I discovered Buddhism when I was a very lost college student at the University of Tennessee in the late 1970's. I had long known that I didn't fit into normal society and didn't share its belief systems. So like every other "rebel" of my generation, I spun off the wheel into drinking, recreational chemicals, and rock and roll. Being a philosophy major, I had some other options to pursue. So having known by no later than nine years old that Christianity was a fairy tale right up there with the Easter Bunny (a perceptive ability that kicked in years later when I heard about the Weapons of Mass Destruction), I found Buddhism and Zen in particular appealing. But if there were Zen Buddhists or Buddhists of any kind in Knoxville, TN, in 1979, I couldn't find them, and if I could've found them, wouldn't have been sober enough or focused enough, read mature enough, to practice. But I was inspired.
So when I went to the San Francisco Bay Area in 1980 to study law, I was drawn to the San Francisco Zen Center. My girlfriend and fiancee at the time, a New Jersey jock with no previous interest, was so drawn to them that she lived there and worked in their bakery at Tassajara for several years. I tried sitting with the priests and lay practitioners there, but I was too much into the San Francisco night life and the prospect of being a rich lawyer to really take advantage of my real opportunities. I gave up my first and best chance to practice.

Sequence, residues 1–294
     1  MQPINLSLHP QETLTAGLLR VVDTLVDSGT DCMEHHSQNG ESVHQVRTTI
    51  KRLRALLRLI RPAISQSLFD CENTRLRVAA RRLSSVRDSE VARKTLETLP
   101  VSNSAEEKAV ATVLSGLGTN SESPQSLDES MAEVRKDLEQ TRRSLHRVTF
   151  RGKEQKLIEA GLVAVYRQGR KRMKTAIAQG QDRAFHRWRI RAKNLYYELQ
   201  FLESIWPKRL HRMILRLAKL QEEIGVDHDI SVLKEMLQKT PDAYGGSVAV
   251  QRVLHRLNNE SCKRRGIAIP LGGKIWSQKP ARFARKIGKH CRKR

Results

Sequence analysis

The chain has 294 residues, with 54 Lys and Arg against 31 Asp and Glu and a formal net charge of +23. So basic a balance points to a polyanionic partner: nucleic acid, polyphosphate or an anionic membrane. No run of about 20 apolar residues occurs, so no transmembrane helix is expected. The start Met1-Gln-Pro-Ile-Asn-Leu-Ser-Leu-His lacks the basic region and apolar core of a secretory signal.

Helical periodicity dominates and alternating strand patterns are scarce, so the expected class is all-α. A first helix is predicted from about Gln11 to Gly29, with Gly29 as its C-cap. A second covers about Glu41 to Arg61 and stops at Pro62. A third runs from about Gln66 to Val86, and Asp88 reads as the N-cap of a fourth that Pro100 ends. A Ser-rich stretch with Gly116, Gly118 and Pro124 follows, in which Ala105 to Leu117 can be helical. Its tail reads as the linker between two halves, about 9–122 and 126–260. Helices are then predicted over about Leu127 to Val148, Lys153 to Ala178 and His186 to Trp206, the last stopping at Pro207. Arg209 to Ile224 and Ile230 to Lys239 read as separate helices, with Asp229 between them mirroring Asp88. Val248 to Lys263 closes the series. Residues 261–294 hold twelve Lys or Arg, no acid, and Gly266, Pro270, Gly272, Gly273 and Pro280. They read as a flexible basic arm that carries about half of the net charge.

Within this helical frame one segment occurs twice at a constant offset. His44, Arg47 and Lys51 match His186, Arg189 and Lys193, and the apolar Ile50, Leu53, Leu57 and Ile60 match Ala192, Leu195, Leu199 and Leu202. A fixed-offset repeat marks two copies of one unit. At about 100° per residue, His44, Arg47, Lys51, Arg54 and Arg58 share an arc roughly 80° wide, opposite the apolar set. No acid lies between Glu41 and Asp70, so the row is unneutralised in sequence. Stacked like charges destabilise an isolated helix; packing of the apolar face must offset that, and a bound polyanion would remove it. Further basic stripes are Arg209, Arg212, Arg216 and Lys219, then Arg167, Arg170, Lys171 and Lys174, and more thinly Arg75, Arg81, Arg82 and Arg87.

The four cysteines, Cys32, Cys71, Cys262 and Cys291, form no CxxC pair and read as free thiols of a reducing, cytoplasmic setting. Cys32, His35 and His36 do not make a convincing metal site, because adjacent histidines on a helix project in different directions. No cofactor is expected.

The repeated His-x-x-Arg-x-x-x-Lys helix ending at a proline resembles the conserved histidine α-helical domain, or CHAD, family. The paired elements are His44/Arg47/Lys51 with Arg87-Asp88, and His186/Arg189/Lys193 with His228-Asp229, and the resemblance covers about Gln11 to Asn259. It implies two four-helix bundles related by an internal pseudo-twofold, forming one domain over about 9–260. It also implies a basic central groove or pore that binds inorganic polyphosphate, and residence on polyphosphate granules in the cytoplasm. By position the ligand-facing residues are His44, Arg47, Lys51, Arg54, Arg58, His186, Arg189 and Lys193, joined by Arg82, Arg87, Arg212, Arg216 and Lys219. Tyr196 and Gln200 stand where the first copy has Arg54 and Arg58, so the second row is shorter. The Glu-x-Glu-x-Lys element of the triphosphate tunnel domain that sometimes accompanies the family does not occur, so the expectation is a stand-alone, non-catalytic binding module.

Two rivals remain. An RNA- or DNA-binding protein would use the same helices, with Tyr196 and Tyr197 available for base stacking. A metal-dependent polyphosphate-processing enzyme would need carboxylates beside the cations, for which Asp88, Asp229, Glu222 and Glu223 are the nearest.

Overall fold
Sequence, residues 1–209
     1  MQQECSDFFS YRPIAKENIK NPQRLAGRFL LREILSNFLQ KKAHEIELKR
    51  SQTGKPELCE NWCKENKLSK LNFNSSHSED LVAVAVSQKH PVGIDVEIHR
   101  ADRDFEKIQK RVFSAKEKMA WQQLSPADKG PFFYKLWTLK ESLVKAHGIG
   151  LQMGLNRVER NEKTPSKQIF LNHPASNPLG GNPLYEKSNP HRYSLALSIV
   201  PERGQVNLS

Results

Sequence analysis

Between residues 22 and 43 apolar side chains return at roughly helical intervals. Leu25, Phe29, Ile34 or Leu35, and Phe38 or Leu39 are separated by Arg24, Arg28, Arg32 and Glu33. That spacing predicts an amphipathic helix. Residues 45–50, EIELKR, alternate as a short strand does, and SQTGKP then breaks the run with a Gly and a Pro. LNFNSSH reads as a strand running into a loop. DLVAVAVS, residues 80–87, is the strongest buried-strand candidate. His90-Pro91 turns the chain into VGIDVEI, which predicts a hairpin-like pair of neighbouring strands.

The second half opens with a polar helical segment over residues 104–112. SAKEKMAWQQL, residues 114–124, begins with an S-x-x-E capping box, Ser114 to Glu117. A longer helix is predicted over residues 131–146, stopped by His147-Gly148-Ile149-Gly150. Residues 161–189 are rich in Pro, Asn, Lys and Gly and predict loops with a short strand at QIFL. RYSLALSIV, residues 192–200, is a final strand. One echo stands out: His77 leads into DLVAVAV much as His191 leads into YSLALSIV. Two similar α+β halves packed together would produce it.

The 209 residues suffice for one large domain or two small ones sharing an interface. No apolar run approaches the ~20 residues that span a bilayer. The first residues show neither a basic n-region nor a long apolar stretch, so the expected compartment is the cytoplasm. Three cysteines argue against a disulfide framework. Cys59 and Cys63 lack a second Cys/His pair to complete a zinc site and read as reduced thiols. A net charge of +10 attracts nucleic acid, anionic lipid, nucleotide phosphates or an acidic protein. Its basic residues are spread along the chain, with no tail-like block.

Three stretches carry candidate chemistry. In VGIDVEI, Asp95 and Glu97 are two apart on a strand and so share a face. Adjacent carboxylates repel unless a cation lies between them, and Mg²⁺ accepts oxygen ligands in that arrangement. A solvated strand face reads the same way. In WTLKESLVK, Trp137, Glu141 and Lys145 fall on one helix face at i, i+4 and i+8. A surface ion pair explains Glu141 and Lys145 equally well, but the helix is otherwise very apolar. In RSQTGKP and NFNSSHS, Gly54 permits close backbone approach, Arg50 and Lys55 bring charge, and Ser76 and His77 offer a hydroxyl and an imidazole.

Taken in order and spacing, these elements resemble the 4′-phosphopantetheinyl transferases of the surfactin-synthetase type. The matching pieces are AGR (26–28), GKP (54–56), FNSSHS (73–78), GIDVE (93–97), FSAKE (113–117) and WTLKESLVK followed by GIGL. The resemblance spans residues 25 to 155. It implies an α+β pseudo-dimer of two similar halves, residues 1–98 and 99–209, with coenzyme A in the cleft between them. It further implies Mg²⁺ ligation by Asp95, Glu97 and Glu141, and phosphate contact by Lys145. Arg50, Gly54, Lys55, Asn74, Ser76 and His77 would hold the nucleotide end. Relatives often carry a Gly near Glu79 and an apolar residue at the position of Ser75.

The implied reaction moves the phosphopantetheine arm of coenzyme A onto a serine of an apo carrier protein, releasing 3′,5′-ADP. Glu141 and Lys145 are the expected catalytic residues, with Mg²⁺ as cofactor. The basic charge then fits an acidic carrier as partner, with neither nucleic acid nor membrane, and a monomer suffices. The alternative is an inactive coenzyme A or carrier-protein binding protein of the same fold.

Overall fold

It was six years later in Albuquerque, New Mexico, that I came back to Buddhist practice, through a strange side door. Three years of trying to work for law firms had taught me that I didn't belong there; lawyers are a race of shallow dilettantes, and the American court system is such a farce that a few years in its bowels will teach a perceptive person that the system is warped and rotten beyond redemption. In February, 1986, I was out of a job, sitting around drinking in an adobe apartment wondering what I was going to do with my life. By sheer luck I did all the right things, and my life -- well, didn't change forever just yet, but opened me up to the possibilities that later began to shape who I hope to be now. At that point I quit drinking for the first time in at least eleven years, began to work out for the first time ever, and fell in with the (then) Nichiren Shoshu Buddhists of the NSA.